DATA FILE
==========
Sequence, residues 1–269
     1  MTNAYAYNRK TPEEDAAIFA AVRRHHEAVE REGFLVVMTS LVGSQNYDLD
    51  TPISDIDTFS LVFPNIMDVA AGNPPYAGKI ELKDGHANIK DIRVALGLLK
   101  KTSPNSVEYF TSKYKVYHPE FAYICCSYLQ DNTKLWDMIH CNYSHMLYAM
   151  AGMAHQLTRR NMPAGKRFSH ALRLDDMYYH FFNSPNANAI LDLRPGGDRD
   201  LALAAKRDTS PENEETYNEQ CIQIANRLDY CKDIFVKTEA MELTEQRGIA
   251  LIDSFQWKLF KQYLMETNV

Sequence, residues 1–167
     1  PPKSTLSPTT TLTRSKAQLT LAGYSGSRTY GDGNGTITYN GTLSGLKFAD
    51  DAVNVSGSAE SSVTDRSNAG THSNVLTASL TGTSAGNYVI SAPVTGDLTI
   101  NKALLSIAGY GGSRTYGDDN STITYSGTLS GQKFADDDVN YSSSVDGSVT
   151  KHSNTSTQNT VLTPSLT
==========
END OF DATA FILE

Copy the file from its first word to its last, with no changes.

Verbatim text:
Sequence, residues 1–269
     1  MTNAYAYNRK TPEEDAAIFA AVRRHHEAVE REGFLVVMTS LVGSQNYDLD
    51  TPISDIDTFS LVFPNIMDVA AGNPPYAGKI ELKDGHANIK DIRVALGLLK
   101  KTSPNSVEYF TSKYKVYHPE FAYICCSYLQ DNTKLWDMIH CNYSHMLYAM
   151  AGMAHQLTRR NMPAGKRFSH ALRLDDMYYH FFNSPNANAI LDLRPGGDRD
   201  LALAAKRDTS PENEETYNEQ CIQIANRLDY CKDIFVKTEA MELTEQRGIA
   251  LIDSFQWKLF KQYLMETNV

Sequence, residues 1–167
     1  PPKSTLSPTT TLTRSKAQLT LAGYSGSRTY GDGNGTITYN GTLSGLKFAD
    51  DAVNVSGSAE SSVTDRSNAG THSNVLTASL TGTSAGNYVI SAPVTGDLTI
   101  NKALLSIAGY GGSRTYGDDN STITYSGTLS GQKFADDDVN YSSSVDGSVT
   151  KHSNTSTQNT VLTPSLT